Soon, Shadow became jealous of Light, and started a war. After the war, the dwarves soon died off, though, a punishment inflicted by Shadow for choosing to aid Light in the war. The rest of the races, at the time, were just beginning to flourish, and took no side. During the millennial war, The Lumenal plane and the Tenebral plane were destroyed down to their innermost realms: The celestial realm and the Realm of torture. The realm of Chaos was shut off, though Chaos could have opened it at any time, and the plane of magic was destroyed.
The magic that once existed within the plane of magic began seeping into the prime material plane, specifically the realm of Tyraea, where the races were now evolving. A purely technological world, they had become about to the point of technology that allowed them to create firearms, rockets, and other weapons such as that. Magic only furthered that understanding of technology, and allowed for golems, and other creations of wondrous proportions. The Aurans embraced technology and magic intertwining the two as the obvious solution. The Pyrok put magic to work more in armor and weapons. The awoken joined the Luxum in embracing magic, as they had never embraced technology, and now accepted magic as the true force of the universe. The humans believed that magic was a divine gift, and only let certain individuals practice it's art.
When the war ended, as a way of celebrating the end of a millennia of war, Shadow and light had a child, bringing in a new age of peace. No elementals had ever had children, and they did not know what to name her, and decided to call her Hikari Musume, or Daughter of light. This elemental then fell in love with an auran: Raysdo Eagleclaw. She changed form to an auran, and soon was married with him, when she took on the name of Alora Eagleclaw. She soon had a child, and was delighted, as the child took after her grandfather, Light. Two years later though, to her shock, her second child was much darker: almost darker than shadow. She feigned death, and then left in embarrassment, watching Reeta and Tara, as they were named, from the shadows.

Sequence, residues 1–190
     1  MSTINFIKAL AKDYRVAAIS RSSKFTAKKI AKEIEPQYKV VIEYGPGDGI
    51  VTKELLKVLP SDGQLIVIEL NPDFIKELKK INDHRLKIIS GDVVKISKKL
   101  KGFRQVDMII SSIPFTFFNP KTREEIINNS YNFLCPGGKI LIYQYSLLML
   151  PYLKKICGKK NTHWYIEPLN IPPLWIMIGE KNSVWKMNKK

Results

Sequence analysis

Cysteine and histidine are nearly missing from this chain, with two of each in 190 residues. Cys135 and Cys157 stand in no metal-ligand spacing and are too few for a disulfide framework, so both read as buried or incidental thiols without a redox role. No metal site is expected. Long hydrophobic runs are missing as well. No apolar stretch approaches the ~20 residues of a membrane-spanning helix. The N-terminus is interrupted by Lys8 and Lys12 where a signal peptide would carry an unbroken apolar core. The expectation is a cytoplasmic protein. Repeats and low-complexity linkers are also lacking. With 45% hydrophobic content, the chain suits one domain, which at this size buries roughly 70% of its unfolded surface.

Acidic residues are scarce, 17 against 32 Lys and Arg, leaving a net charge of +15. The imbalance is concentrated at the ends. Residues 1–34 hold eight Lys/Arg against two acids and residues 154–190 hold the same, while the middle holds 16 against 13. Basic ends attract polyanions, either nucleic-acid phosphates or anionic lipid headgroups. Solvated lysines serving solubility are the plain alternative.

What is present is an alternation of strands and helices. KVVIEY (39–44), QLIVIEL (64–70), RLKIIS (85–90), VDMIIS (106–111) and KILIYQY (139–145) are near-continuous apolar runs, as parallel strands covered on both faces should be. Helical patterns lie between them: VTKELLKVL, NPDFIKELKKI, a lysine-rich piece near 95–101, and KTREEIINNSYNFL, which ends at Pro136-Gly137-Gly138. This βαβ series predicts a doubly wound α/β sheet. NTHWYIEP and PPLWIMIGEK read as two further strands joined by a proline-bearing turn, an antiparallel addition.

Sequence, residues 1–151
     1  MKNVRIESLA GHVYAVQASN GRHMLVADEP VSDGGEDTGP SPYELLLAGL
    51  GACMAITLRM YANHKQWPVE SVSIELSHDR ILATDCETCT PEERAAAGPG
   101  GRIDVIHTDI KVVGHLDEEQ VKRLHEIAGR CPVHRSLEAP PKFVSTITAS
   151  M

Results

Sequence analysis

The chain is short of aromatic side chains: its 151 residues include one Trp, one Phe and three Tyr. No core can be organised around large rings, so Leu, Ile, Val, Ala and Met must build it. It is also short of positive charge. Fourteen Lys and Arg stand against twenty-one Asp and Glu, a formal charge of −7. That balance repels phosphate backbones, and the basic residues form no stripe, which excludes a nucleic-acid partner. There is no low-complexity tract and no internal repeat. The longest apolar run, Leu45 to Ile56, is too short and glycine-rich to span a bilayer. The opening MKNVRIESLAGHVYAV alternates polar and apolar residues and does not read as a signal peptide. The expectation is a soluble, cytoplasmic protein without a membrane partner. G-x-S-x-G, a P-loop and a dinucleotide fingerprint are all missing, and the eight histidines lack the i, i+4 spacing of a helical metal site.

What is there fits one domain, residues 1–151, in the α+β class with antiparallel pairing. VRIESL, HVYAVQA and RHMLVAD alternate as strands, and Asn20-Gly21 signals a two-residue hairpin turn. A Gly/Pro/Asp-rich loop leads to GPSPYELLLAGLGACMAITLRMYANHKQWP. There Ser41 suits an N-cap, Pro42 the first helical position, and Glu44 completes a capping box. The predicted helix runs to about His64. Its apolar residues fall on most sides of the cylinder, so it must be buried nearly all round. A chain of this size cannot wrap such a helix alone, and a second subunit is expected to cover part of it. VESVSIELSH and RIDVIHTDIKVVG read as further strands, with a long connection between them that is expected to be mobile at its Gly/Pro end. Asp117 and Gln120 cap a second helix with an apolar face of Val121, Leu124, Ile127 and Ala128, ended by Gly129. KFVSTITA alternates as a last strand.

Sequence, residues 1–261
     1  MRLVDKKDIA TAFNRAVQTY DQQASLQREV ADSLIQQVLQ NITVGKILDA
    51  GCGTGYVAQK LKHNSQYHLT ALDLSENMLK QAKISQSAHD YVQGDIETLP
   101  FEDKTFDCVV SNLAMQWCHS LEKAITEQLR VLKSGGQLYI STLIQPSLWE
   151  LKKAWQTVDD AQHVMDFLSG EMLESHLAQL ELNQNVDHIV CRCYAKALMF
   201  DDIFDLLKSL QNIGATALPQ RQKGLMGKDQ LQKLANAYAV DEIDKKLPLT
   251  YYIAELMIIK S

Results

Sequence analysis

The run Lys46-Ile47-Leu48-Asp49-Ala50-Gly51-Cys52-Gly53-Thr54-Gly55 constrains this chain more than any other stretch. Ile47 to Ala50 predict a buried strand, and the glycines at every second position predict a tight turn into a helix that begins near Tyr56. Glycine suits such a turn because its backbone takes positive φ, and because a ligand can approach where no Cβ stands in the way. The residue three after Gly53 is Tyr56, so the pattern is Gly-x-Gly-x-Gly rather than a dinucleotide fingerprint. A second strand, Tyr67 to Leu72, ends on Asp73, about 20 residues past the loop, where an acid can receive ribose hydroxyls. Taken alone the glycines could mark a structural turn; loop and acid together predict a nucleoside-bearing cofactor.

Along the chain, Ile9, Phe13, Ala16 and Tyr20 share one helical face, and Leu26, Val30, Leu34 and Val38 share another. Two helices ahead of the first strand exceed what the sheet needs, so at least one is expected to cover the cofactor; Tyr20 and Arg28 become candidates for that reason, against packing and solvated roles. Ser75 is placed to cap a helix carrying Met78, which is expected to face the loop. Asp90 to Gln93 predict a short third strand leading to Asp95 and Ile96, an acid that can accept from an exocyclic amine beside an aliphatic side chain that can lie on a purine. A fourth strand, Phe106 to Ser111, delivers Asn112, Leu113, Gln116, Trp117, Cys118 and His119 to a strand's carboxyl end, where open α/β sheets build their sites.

Though it was no fault of her own, Raysdo blamed Tara for the death of his beloved, and could no longer see her as his child. This led to two very different childhoods for Reeta and Tara- a stark lit contrast of the sides they embodied. 12 years later, Raysdo revoked Tara, and removed her from the family, no longer being able to accept her as a member. Tara then found her own path,with her unnatural connection to the realm of shadows (stemming from the connection she shared with shadow), while Reeta kept evolving in intelligence and creativity.
One year later, as Reeta had just finished college at age 15, and had now recently started a company named Reeta's Robotics, Tara Returned, this time, for the worse. Now harboring no love for her family, she became a Lich, the ultimate ending of any who strayed into the dark arts of magic.
An undead abomination, she rose at her own funeral, killing all except Reeta, who managed to escape. Reeta then created the Resistance, a small band of elite warriors dedicated to defeating Tara, and, ultimately, returning Tyraea to its rightful position. Meanwhile, Tara amassed an army of dead possessed by the most infernal of beings: Demons. Bound to her will, she soon amassed enough to destroy the world. These beings were called the Unnatural. Her attack marked the start of a new calendar, or, at least, a new calendar for those who still remained. This event, called the great fall, plunged the world into eternal darkness, leaving the Resistance the only thing left to combat Tara.